Acid reflux

Acid reflux or to give it its medical name ‘gastro-oesophageal reflux’ is a medical condition where stomach acid flows back up the oesophagus and into the throat and mouth.

This flow is also known as ‘reflux’.

This is often caused by a ‘fault’ in the cardiac sphincter (muscular ring of tissue) at the bottom of the oesophagus which acts as a valve. This valve normally enables food to pass into the stomach and then closes to prevent stomach acid from flowing back up the oesophagus.

This valve acts as a ‘one-way’ mechanism in that it stops gastric acid and/or stomach contents from flowing upwards.

But what happens with acid reflux is that this valve fails to work properly and relaxes which then allows these contents to travel back up the oesophagus and into the throat.

This is a common cause of heartburn, dysphagia, globus pharyngeus and throat ulcers. Another common condition is oesophagitis.

Causes of acid reflux

There is no single identifiable cause of acid reflux but the following conditions can result in this problem.

They include:

  • Overweight or obese
  • Hiatus hernia
  • Fatty meals
  • Pregnancy
  • Constipation
  • Smoking

There are also certain foods and/or liquids which aggravate this problem. They include alcohol, fruit juices, chocolate and mints.

Acid reflux is more likely to occur if there is excess food and/or gastric acid or excess pressure is applied to the stomach.

Overweight or obese

If you are overweight or obese then you are likely to have an excess of body fat within your abdomen - known as visceral fat. This fat puts extra pressure on the internal organs inside this area and forces acid up into the oesophagus.

Hiatus hernia

A hiatus hernia occurs when a section of the stomach protrudes through the diaphragm and into the chest area. This causes pain, hiccups, belching and symptoms of asthma. This hernia also puts pressure on the sphincter at the lower end of the oesophagus. This pressure stops it from closing which allows stomach acid to flow up into the oesophagus.

Fatty meals

Eating large, fatty meals also causes acid reflux. These heavy meals stretch the stomach as well as slowing down the emptying of its contents. This increases the risk of reflux.

It’s a good idea to avoid rich or high fat meals late on in the evening.


Pregnancy causes the womb to increase in size to accommodate the growing baby. This presses against the stomach which increases pressure inside it and also increases the chance of reflux.

Plus hormonal changes in pregnancy often cause the oesophageal sphincter to relax which allows acid to flow upwards.


Constipation increases pressure inside the stomach, often caused by straining which then forces acid to escape back up the oesophagus.


Smoking causes a range of health problems which also include an increase in stomach acid, a slowing of the rate at which the stomach empties and stops the oesophageal sphincter from functioning as normal.

Symptoms of acid reflux

These include:

  • Failure to digest food properly (regurgitation)
  • Heartburn
  • Sore throat
  • Indigestion
  • Sour or nasty (metallic) taste in the mouth
  • Excessive belching
  • Dysphagia (difficulty in swallowing)

These are the most common symptoms of acid reflux. Other less common symptoms include nausea, chest pain and excessive salivation.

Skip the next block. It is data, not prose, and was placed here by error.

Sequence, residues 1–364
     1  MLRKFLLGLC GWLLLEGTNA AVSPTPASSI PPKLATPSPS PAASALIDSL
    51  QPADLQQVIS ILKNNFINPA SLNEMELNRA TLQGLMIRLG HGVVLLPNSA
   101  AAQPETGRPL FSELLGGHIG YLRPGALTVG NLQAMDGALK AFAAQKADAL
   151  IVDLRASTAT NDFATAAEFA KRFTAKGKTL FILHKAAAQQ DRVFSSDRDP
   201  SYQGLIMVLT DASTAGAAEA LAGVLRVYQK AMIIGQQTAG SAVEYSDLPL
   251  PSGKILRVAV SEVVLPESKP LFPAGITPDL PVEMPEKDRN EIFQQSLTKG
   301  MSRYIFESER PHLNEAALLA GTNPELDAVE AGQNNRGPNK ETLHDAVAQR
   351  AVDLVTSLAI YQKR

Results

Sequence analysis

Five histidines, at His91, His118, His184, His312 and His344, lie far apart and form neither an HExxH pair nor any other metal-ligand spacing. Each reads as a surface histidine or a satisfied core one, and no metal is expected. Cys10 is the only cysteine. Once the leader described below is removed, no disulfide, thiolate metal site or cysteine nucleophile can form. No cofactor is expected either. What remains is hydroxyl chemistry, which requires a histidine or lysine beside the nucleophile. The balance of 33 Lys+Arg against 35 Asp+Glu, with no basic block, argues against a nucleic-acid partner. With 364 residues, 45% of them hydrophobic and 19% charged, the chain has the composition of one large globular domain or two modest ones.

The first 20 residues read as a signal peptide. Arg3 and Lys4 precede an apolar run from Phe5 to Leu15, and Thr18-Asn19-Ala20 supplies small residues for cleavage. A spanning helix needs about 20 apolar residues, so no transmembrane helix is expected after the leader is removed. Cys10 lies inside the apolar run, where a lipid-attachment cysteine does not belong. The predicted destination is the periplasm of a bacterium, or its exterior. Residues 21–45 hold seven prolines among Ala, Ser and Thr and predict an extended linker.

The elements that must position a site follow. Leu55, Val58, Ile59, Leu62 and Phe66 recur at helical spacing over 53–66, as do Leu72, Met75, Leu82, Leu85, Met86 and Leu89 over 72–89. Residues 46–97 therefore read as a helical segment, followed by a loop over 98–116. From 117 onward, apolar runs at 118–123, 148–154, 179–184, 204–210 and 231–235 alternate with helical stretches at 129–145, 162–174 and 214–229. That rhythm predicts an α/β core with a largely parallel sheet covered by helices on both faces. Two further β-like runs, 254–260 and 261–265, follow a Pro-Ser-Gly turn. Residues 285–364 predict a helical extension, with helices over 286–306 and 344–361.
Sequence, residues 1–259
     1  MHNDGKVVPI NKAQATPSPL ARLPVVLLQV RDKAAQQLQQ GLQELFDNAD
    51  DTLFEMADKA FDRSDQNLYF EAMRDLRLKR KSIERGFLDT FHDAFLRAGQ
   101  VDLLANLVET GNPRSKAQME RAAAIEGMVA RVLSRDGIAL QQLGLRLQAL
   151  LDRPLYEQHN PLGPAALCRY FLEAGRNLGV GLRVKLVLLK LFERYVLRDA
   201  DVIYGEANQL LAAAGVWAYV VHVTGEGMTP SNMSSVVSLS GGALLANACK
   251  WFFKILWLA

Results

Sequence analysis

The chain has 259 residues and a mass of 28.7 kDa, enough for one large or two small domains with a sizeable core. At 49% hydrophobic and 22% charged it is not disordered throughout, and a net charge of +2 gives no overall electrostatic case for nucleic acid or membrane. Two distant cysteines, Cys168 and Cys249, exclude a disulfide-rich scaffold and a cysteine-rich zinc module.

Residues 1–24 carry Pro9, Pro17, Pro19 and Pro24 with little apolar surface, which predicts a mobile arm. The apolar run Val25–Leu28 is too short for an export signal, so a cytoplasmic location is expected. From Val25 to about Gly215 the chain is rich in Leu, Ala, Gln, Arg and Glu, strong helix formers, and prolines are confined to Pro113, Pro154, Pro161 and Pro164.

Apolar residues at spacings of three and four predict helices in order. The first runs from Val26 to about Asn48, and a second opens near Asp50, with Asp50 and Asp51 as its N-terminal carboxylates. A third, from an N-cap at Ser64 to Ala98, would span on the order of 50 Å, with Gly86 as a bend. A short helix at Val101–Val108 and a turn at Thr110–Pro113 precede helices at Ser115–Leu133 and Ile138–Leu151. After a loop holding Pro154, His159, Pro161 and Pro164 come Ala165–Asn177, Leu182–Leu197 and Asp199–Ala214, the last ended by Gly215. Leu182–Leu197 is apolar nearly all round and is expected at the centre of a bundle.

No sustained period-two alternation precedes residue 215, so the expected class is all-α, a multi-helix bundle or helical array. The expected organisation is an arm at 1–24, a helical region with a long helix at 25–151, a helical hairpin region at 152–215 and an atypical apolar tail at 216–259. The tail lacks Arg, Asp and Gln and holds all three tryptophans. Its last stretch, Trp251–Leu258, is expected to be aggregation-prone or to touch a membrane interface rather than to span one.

In some cases acid reflux can cause damage to the oesophagus, for example, ulcers or a narrowing of this tube which then causes problems with swallowing.

There are suggestions that acid reflux contributes to laryngitis, sinusitis, pharyngitis and hypersensitivity of the teeth although this is largely unproven.

Acid reflux occurs after a high fat or particularly large meal or after consuming alcohol. Smoking worsens the symptoms as does lying down, bending over or lifting an object.

How often does acid reflux occur?

Episodes of acid reflux vary between individuals. Some people experience this on a weekly or even daily basis whereas others are barely affected. Those people who have several episodes of this and on a regular basis report that it affects their everyday lives.

Problems of acid reflux

Persistent acid reflux can result in a condition called oesophagitis which is inflammation of the oesophagus. Over time this causes scar tissue to develop which then narrows a part of the oesophagus.

This causes difficulty in swallowing.

Other problems include the formation of ulcers within the oesophagus which can bleed and lead to anaemia.

The risk of developing acid reflux can be reduced by making a few lifestyle changes. These include stopping smoking, reducing the amount of fat in your diet, losing weight if overweight and reducing caffeine intake.

If your symptoms occur infrequently then they can be treated with over the counter medicines such as antacids. But frequent or serious cases will require further investigation.

Treatment for acid reflux

Your GP will prescribe medication such as ‘proton pump inhibitors’which reduce the amount of stomach acid produced. These can be taken over the long term.

If these are unsuccessful then medicines called ‘prokinetic agents’can be given which increase the rate at which the stomach empties. These will reduce the likelihood of acid escaping back up the oesophagus.

Surgery is performed as a last resort.

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